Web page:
Sir: Smoking is a minority activity. Even if Brian Appleyard's assumptions are right ("The anti-smoking fundamentalists", 8 March) , that many people are casual smokers, it still means 50 per cent of people never smoke, and wish to avoid smokey atmospheres. And because of the minority, the majority have to suffer the consequences. The health risks of passive smoking are far from proven, but why should I suffer irritation to eyes and throat, and stink of smoke because of a few selfish individuals?
Anecdotal evidence is the bane of all anti-smoking professionals. How do we convince a smoker whose grandfather is 92 and smokes like a chimney of the harm of smoking? I just say "tell that to the widow of the man who died of a heart attack at 35, as a direct result of smoking".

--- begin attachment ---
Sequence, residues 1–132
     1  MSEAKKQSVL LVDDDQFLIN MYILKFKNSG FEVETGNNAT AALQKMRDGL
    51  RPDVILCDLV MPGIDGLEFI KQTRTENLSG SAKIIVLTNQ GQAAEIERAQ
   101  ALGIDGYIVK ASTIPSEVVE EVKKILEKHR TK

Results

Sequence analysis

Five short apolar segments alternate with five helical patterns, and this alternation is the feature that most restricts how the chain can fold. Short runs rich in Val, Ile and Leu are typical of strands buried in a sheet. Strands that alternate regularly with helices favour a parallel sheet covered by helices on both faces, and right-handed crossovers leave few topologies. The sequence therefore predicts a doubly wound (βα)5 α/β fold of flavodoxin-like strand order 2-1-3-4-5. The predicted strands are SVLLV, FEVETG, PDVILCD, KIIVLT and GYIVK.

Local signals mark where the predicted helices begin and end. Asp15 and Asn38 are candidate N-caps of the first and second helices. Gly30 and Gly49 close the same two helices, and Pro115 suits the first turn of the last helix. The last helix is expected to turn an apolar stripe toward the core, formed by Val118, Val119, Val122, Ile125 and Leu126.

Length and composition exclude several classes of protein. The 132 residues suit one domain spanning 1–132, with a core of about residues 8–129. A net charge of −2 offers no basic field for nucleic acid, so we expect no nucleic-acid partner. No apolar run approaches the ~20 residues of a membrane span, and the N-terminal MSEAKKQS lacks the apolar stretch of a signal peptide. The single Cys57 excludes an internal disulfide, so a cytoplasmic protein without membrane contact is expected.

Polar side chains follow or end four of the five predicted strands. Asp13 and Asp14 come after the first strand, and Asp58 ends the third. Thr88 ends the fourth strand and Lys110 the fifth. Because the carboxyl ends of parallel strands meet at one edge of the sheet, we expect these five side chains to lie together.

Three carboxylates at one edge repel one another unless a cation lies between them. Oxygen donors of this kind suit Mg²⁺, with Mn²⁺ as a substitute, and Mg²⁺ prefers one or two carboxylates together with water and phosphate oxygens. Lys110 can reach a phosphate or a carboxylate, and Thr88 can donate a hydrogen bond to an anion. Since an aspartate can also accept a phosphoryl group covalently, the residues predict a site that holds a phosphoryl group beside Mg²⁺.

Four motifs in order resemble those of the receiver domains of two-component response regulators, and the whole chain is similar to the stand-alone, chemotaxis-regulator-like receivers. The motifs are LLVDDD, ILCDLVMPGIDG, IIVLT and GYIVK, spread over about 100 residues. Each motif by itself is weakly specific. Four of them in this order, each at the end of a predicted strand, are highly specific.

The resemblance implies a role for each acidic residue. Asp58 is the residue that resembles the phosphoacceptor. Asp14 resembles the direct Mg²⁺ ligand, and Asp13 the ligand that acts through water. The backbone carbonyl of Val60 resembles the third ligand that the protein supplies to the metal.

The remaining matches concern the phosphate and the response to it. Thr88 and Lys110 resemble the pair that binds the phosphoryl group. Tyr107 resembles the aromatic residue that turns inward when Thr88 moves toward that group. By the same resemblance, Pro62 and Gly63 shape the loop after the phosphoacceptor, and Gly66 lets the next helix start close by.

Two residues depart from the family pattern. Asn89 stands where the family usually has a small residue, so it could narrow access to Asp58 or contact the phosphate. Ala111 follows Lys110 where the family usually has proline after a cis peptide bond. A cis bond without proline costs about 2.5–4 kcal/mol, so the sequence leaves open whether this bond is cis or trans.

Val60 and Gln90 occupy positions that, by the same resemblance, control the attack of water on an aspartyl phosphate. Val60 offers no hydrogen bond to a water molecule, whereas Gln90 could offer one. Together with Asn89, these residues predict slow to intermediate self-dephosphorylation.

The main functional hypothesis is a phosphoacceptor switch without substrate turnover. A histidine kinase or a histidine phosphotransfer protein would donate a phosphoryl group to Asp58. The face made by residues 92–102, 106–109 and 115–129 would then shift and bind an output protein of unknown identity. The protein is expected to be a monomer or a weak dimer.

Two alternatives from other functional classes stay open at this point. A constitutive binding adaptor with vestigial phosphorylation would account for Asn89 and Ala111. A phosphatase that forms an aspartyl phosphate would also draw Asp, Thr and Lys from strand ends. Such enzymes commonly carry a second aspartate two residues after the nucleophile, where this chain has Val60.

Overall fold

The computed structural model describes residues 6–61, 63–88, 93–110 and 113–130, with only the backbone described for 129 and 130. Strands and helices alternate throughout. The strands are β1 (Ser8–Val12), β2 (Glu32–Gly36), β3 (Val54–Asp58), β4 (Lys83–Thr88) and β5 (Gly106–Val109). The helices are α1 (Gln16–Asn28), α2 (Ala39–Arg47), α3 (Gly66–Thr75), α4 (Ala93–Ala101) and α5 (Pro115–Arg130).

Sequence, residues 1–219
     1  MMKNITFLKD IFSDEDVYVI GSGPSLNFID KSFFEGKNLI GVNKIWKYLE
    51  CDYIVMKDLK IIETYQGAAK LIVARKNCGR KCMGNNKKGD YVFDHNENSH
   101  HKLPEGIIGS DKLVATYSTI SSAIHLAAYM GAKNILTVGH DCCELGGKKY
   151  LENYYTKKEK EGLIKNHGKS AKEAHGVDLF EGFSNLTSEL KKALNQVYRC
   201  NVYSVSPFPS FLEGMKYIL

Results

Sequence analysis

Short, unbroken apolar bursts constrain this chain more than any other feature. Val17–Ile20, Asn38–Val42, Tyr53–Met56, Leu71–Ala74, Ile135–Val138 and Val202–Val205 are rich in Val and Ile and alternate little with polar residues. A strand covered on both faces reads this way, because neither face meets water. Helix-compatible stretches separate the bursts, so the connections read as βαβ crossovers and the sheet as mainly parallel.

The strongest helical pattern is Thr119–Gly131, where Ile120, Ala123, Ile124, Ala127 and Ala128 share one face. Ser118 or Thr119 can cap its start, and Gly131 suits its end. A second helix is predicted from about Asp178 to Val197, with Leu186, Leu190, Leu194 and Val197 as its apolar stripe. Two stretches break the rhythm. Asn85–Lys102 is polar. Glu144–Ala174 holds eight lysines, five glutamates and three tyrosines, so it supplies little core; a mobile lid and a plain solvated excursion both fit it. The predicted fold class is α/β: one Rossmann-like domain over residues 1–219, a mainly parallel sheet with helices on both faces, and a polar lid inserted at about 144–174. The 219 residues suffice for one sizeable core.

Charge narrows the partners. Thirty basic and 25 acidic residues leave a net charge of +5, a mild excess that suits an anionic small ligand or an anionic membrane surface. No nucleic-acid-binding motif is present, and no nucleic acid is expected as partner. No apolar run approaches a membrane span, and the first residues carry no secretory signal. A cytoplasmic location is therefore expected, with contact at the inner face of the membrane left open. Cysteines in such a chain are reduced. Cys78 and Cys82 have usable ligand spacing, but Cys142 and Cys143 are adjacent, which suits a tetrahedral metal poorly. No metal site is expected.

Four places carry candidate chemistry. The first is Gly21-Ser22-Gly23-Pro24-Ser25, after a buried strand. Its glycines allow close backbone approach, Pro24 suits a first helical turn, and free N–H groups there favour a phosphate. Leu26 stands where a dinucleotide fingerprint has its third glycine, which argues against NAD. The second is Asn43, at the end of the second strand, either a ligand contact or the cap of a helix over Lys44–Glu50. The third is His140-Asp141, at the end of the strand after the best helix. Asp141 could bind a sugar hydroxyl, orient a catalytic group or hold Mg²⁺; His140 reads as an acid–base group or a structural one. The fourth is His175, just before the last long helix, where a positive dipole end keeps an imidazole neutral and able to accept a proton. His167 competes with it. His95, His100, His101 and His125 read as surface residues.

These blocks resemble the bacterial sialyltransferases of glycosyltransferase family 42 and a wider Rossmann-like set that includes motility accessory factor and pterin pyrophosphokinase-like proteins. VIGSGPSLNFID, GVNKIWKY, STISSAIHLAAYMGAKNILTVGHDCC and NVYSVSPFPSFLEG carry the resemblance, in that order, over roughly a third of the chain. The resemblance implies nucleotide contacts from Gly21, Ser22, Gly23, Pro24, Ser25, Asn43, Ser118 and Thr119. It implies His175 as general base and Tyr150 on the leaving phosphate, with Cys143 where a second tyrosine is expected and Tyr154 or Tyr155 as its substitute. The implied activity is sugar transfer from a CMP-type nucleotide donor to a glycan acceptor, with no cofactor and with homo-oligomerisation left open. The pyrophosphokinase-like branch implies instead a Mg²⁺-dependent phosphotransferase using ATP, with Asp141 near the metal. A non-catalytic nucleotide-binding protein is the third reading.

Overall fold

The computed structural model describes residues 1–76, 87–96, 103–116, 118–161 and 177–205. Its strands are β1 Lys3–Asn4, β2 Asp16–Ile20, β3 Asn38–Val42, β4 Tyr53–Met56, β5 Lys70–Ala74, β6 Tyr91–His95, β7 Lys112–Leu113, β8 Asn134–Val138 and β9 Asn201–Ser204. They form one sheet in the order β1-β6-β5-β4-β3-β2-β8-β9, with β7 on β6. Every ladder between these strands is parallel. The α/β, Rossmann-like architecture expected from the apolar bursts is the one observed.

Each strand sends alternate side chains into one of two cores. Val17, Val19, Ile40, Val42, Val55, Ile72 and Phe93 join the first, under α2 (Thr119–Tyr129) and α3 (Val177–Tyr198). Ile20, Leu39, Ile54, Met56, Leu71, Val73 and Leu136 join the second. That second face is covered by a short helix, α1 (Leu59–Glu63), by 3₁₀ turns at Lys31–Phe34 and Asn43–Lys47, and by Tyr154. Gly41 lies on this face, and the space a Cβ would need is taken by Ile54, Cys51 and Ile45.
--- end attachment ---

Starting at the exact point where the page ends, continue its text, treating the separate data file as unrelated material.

Secret smoking is a problem, but we have addressed this problem. Tests will soon be available to detect and measure cigarette smoking, and will be carried out by doctors, nurses and insurance agents. But, as Mr Appleyard says, the heavy-handed approach does not work. Smokers have to be educated over a long period to quit the habit. Nearly 80 per cent of smokers want to stop, but don't have the willpower or motivation. It is a major role of the medical profession to convince smokers that not smoking is the best thing they can do to improve their health, which will lead to improved happiness and well-being.
No Smoking Day provides a starting point for smokers to quit and improve their health immeasurably. Health campaigns are working. Smoking is on the decline. But this is counteracted by tobacco advertising and the portrayal of smoking on television and films.
GRAHAM F. COPE
University of Birmingham